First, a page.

October 28

I did not get up till 10 o'clock a. m.; am feeling some better this morning; rained hard all day. Roger Bixby brought me up to Barre this afternoon. The Smith band came up to give a concert but as it rained so hard it postponed it till next week.

October 28, 1863

Wednesday. The rain has stopped, and the mud is now having its turn. It makes us just as helpless as the rain did. We have put in the time making plans for the time when the mud hardens. It does not dry up, as it does in the north, but the water seems to settle and leave the ground hard even if there be no sun or wind.

October Twenty-Eighth

Whether in the thickest of the battle, where hundreds or thousands were rushing at each other in deadly combat, or on the lonely highway where he came face to face with a single adversary, or in the reconnoissance by day or night, when alone or attended by a single member of his staff he would ride into the enemy's lines and even into their camps, he was with pistol or sabre ever ready to assert his physical prowess. It is known that he placed hors de combat  thirty Federal officers or soldiers fighting hand-to-hand.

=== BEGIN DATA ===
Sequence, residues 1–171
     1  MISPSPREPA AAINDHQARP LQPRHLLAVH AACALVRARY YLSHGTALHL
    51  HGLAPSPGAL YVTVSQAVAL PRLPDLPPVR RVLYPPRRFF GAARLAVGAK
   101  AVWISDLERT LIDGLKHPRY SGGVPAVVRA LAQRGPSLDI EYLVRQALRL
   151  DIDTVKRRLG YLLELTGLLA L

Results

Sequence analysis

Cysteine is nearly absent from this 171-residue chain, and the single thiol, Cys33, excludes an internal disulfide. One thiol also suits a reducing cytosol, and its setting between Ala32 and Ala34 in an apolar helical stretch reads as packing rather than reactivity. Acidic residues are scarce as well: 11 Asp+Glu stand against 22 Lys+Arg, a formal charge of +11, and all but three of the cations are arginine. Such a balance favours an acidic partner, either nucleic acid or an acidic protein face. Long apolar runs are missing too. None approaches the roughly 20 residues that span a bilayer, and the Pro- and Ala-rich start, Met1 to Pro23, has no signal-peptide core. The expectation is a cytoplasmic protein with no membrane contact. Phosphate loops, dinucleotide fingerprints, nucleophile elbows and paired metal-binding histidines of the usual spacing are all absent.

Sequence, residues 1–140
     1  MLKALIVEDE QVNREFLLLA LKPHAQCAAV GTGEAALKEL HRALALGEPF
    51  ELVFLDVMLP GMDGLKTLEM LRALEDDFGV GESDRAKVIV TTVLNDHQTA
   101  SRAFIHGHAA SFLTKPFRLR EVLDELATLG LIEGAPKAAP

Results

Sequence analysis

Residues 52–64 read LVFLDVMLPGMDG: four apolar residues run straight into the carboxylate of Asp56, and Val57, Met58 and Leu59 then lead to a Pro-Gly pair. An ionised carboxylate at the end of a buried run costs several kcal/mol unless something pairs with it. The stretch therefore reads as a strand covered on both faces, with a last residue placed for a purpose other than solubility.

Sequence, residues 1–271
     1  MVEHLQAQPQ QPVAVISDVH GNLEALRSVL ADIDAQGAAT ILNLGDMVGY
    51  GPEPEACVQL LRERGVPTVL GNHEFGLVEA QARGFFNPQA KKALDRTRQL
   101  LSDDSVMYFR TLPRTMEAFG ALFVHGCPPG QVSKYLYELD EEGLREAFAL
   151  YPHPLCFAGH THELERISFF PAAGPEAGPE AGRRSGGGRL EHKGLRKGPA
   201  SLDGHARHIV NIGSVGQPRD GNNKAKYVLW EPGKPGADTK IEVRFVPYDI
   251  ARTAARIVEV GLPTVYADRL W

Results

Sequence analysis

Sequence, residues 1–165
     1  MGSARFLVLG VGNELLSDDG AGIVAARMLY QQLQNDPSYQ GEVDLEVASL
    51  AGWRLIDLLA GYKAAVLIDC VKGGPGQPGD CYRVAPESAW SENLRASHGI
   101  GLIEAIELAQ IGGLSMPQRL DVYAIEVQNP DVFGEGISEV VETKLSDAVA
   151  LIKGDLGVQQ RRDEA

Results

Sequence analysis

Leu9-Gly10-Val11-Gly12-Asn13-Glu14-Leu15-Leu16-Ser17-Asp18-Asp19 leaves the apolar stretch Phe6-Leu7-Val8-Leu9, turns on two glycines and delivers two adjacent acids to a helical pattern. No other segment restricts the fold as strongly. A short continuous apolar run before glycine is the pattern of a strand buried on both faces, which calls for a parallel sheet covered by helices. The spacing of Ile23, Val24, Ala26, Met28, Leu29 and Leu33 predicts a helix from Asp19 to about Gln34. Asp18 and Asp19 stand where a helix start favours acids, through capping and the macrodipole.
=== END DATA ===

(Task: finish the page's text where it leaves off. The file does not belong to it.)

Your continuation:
John A. Wyeth

 

 

October 28

October 28, 1870.--It is strange to see how completely justice is forgotten in the presence of great international struggles. Even the great majority of the spectators are no longer capable of judging except as their own personal tastes, dislikes, fears, desires, interests, or passions may dictate--that is to say, their judgment is not a judgment at all. How many people are capable of delivering a fair verdict on the struggle now going on? Very few! This horror of equity, this antipathy to justice, this rage against a merciful neutrality, represents a kind of eruption of animal passion in man, a blind fierce passion, which is absurd enough to call itself a reason, whereas it is nothing but a force.